Our atmosphere and climate 2017 focuses on climate change and exposure to ultraviolet sunlight. We chose these themes as the focus of this report because scientific evidence shows human activities are causing long-lasting changes to the state of the atmosphere.
The atmosphere comprises a range of gases (including greenhouse gases such as carbon dioxide, methane, nitrous oxide, and water vapour) and minute dust-like particles called aerosols, encircling Earth and held in place by gravity. Combined, these atmospheric greenhouse gases and aerosols help regulate the global climate by contributing to the extent to which the sun’s energy is distributed and stored around Earth or escapes into outer space.
Without any input from humans, the global climate would vary naturally over hundreds to thousands of years as a result of natural variations in atmospheric and ocean circulations and changes in Earth’s orbit around the sun. The natural climate variations, including ice ages, have led to adjustments across ecosystems and the environment. In many instances, such adjustments have occurred gradually, but there have been occasions, many millions of years ago, where rapid changes occurred, resulting in mass extinctions (Barnosky et al, 2011).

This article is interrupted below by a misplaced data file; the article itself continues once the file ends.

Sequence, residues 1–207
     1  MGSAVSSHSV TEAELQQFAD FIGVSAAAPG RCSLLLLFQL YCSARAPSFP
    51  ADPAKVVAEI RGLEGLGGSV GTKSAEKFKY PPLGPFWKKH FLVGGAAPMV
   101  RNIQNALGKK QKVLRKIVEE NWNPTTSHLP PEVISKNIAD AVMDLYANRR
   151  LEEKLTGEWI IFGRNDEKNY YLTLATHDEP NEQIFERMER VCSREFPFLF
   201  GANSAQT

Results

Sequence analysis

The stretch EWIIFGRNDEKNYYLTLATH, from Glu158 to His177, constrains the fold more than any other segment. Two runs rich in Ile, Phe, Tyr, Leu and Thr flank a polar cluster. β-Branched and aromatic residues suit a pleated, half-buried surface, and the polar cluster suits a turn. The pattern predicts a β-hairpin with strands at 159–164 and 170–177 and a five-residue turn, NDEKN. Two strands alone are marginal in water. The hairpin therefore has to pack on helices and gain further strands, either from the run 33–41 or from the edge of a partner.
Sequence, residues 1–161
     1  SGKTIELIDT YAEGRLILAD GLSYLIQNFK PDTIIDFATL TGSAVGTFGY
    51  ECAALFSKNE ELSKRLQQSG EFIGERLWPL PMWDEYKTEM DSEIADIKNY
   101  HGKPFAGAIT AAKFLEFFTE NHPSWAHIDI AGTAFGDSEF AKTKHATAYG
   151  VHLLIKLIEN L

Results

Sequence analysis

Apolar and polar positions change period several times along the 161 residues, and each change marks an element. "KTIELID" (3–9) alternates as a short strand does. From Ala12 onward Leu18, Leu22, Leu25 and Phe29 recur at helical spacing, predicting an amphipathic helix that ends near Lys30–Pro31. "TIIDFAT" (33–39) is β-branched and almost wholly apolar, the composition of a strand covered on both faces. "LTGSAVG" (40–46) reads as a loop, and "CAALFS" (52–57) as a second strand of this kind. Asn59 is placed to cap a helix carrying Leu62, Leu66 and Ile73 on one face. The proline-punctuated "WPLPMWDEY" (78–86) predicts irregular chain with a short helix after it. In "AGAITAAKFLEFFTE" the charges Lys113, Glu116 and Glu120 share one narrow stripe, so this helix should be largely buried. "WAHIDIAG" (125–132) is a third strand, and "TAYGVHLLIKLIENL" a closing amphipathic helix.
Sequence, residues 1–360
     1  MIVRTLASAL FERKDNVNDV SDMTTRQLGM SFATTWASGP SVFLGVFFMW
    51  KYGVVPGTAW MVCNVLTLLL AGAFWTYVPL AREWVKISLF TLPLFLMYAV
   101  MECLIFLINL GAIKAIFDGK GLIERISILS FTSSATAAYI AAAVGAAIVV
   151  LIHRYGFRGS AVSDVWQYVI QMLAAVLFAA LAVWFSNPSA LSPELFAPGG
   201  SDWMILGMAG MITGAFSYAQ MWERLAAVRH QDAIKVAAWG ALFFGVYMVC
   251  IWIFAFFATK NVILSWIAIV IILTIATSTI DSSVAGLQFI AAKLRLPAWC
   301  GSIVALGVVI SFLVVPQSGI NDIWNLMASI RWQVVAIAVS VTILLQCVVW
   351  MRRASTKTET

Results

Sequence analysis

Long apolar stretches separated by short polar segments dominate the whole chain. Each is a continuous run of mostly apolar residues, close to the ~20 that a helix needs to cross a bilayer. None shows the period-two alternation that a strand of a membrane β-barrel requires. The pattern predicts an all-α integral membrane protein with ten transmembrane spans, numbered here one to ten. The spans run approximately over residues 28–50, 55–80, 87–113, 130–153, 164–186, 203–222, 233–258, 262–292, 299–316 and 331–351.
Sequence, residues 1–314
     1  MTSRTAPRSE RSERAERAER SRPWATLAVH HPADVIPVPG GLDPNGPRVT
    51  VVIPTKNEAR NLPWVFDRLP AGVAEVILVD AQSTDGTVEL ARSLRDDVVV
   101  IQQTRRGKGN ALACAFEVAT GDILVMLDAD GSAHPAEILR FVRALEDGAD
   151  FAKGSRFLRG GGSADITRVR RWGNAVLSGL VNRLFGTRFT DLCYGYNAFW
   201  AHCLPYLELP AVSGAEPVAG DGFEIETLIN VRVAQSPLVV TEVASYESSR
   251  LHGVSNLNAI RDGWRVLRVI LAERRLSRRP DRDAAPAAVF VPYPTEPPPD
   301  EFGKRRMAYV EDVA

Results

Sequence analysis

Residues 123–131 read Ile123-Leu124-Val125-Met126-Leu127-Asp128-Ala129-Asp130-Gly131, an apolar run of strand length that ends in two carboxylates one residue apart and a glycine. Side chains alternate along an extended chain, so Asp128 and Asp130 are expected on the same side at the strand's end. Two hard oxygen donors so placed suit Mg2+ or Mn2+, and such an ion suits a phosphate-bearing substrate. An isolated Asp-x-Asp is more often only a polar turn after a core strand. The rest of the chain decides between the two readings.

Human activities emit additional greenhouse gases and have increased atmospheric concentrations of these gases to unprecedented levels over a period of less than 100 years (as shown in figure 1) (IPCC, 2013). Such a rapid increase is causing the planet to warm faster than ever experienced in the history of human civilisation (at least the past 2,000 years).
Source: Adapted from NASA; data from National Oceanic and Atmospheric Administration. Some descriptions adapted from the Scripps CO2 Program website, Keeling Curve Lessons
Note: This graph, based on the comparison of atmospheric samples contained in ice cores and more recent direct measurements, shows how atmospheric CO2 has increased since the Industrial Revolution.
This graph shows atmospheric carbon dioxide levels over the centuries.
The Climate change chapter focuses on pressures that are changing our atmosphere and climate and what this changing state means for New Zealand.
Exposure to ultraviolet sunlight
The Exposure to ultraviolet sunlight chapter reports on the pressure on Earth’s protective ozone layer from ozone-depleting substances. This is a decreasing pressure as ozone-depleting substances are now well managed internationally and the ozone hole is shrinking. As long as this continues, the ultraviolet (UV) levels that New Zealanders experience will largely be due to natural causes and variation. Understanding our fluctuating UV levels is important for making good decisions about exposure to UV sunlight. We report on the state and changes in New Zealand’s UV levels, which have implications for New Zealanders’ health.